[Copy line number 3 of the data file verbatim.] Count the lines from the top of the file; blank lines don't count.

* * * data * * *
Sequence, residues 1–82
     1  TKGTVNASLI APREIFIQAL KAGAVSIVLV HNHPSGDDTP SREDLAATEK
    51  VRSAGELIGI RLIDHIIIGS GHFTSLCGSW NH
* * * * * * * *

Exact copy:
    51  VRSAGELIGI RLIDHIIIGS GHFTSLCGSW NH